energy transition

French banks' double language in energy matters

For several months now, the Sioux of the Standing Rock Reserve in South Dakota have been opposing a proposed pipeline project that threatens ancestral cultural sites and their water sources. The infrastructure, which aims to facilitate the exploitation of the region's shale oil, has received financing from several major international banks, including BNP Paribas, Crédit Agricole, Société Générale and Natixis. Curious because since COP 21, some banks have pledged not to finance projects that would be bad for the planet...
Photo: Gidagaakonz Mooz Ndootem
Dor several months now, hundreds of Sioux in South Dakota have been opposing an oil pipeline project that threatens both their drinking water sources and ancestral sites. Their fight against the Dakota Access Pipeline has succeeded in attracting the world's attention. At the end of October, opponents were severely repressed by law enforcement officials, who made more than 100 arrests. Behind this pipeline project are certainly American oil interests, galvanized by the election of Donald Trump to the presidency, but also international financial interests, including those of the major French banks.
Photo: Robyn Beck Agence France-Presse - This September 3, 2016 photo shows Sioux and their supporters in front of excavators on the construction site of the controversial North Dakota pipeline.
The 1,800-kilometre Dakota Access Pipeline is designed to transport shale oil extracted in North Dakota to the eastern and southern United States and beyond to the rest of the world. The Sioux of the Standing Rock Reserve oppose the pipeline on their traditional lands along the Missouri River (read Winona LaDuke's testimony). They have gained the support of many other tribes in the United States and beyond, as well as climate justice activists. Faced with a local government fully committed to the project and a divided Obama administration [1], one of their main targets are the major international banks that finance the project and the companies that carry it.

More than a billion dollars from French banks

According to the figures compiled by the NGO Food and Water WatchFrench banks are involved at several levels in the Dakota Access Pipeline project, for sums in excess of $1 billion. Crédit Agricole, Natixis and Société Générale are among the banks that have granted a $2.5 billion loan specifically to finance the construction of the pipeline.
BNP Paribas, Crédit Agricole and Natixis are also financing the two firms carrying the project, Energy Transfer Partners and Energy Transfer Equity. Total financial exposure of the French banks: nearly $450 million for BNP Paribas, nearly $350 million for Crédit Agricole, $180 million for Natixis and $120 million for Société Générale.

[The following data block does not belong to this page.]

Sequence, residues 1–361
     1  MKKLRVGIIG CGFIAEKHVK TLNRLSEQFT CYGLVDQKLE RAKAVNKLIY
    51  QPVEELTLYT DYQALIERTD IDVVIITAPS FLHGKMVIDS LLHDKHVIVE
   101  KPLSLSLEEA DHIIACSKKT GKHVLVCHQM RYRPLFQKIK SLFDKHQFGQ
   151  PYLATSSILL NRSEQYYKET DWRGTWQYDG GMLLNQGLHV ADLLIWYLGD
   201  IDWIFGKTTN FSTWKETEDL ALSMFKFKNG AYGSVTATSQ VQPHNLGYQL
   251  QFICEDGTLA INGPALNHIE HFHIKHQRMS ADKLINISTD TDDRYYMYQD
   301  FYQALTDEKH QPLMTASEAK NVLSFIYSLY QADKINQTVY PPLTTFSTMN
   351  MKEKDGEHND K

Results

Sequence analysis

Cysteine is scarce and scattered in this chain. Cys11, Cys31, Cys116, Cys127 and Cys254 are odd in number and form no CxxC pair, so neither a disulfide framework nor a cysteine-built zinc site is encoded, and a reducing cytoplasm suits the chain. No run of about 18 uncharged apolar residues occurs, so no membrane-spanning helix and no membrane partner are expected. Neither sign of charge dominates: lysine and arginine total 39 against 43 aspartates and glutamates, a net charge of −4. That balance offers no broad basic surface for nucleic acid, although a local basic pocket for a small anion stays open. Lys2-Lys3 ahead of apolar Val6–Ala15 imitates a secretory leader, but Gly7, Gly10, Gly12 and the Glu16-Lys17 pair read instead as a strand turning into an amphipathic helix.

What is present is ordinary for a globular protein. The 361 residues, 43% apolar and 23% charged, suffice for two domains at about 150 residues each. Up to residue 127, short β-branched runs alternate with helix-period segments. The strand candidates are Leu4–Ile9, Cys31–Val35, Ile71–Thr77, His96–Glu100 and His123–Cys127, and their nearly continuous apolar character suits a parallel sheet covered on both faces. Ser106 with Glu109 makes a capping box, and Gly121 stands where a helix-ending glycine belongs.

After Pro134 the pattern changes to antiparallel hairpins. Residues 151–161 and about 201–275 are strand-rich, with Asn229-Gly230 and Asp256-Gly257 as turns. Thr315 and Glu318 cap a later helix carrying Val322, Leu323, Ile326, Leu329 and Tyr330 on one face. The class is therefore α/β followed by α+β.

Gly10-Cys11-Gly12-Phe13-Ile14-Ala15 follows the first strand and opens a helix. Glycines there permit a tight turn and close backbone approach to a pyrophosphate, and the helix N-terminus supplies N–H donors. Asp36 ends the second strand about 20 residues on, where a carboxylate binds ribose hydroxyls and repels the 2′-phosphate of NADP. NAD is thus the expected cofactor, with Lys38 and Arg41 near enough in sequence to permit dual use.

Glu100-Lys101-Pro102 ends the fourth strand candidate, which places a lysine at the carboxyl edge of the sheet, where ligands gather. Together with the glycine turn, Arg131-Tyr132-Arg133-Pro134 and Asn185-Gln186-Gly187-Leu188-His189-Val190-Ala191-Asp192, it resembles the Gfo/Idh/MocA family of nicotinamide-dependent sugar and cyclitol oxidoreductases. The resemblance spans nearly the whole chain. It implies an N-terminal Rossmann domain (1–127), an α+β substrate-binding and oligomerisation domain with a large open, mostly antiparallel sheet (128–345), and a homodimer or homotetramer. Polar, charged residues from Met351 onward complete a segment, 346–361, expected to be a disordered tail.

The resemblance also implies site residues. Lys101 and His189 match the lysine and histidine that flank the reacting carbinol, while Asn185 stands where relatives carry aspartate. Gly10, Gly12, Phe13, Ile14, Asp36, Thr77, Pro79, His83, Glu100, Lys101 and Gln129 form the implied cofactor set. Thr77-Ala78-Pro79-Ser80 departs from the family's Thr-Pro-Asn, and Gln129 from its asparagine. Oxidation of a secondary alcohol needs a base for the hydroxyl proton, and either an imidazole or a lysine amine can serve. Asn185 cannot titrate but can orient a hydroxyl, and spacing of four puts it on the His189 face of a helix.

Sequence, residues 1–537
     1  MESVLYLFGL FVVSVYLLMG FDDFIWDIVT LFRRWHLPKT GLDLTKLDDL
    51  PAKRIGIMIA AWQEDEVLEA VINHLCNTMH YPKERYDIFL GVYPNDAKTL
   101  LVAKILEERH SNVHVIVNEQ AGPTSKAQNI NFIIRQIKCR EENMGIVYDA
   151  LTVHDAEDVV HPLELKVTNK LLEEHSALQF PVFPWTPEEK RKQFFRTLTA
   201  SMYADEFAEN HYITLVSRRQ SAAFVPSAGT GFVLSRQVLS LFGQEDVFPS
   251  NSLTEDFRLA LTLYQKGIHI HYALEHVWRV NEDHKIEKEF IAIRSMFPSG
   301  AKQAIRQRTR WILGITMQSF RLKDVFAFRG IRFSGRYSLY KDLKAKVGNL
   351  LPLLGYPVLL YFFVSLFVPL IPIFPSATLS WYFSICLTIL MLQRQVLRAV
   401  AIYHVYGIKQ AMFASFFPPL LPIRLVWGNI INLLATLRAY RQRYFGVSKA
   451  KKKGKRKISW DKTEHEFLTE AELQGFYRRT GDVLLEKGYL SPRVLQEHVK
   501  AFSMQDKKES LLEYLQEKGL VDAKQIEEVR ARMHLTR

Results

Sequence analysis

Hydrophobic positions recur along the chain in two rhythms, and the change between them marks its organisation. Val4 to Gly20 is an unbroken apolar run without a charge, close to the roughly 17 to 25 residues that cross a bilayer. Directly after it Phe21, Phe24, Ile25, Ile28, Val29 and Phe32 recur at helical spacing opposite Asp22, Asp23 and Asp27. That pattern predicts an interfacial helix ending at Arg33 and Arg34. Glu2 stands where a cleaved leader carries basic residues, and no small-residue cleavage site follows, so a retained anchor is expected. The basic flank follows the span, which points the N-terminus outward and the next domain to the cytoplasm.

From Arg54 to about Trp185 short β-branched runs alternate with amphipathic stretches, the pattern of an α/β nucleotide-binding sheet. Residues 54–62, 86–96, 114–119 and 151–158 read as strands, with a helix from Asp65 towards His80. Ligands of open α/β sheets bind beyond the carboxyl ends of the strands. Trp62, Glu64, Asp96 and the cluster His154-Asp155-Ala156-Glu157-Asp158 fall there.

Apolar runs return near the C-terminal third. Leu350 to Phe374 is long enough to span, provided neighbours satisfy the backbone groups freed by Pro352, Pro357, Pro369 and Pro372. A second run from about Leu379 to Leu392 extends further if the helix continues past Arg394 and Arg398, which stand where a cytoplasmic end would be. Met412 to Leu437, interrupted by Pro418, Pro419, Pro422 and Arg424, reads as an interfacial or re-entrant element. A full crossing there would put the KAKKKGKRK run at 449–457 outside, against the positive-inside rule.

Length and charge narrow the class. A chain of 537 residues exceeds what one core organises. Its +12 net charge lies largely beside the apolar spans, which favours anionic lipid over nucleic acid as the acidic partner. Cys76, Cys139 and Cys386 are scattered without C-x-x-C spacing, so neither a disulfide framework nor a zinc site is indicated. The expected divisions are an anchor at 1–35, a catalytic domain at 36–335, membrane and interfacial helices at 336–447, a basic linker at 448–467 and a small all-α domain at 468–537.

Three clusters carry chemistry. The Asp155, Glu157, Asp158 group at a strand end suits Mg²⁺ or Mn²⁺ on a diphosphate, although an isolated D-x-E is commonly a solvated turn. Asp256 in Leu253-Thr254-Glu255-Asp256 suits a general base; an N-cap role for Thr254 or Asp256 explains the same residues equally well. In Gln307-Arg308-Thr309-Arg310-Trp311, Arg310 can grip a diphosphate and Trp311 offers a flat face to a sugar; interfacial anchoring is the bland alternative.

A coalition of environmental organizations such as Greenpeace and Friends of the Earth has addressed an official letter to the association of the "Equator Principles" - a group of banks boasting their social and environmental responsibility - to be surprised that their members are involved in such a problematic project for the environment and for the rights of indigenous people, in total contradiction with their commitments. All major French banks officially adhere to the Equator Principles. Only two of the main banks involved in the project, Citigroup and the Norwegian DNB, have officially reacted to these criticisms, the former by assuring that it was encouraging Energy Transfer Partners to enter into dialogue with the Sioux, the latter by announcing that it would reconsider its financing [2].
The banks are now under pressure from environmental NGOs campaigning to encourage them to divest from coal, the most polluting of all fossil fuel sources. On the occasion of the 22nd Climate Conference in Marrakech, Crédit Agricole, Société Générale and BNP Paribas again makes announcements about their withdrawal of coal and their climate commitments. This movement does not concern oil and gas at all, even when it comes to particularly problematic or polluting projects.

"We've suffered under every American president."

The election of Donald Trump as President of the United States is not a happy one for the Standing Rock Sioux and other opponents of the pipeline. The new president has close financial ties with Energy Transfer Partners and Phillips 66, two companies behind the project, who supported him in his campaign. And his new Energy Secretary may well be Harold Hamm, the boss of the oil firm Continental Resources, which has a strong presence in the Bakken shale oil field and is therefore highly interested in exporting it. The Sioux claims may not be heard at all in Washington.
"I know there are some who are worried about the new president, a reacted one of the Standing Rock activists, but I remind you that we have suffered under every American president since the very establishment of America... We must continue to resist and defend our right to life. »
Under such conditions, pressure on the banks becomes all the more necessary.
Source: Olivier Petitjean, - 14/11/2016
1] Since the federal agencies had already granted the necessary authorizations, the Obama administration had asked the promoters to suspend the project while they reconsidered their decision and studied alternative routes.


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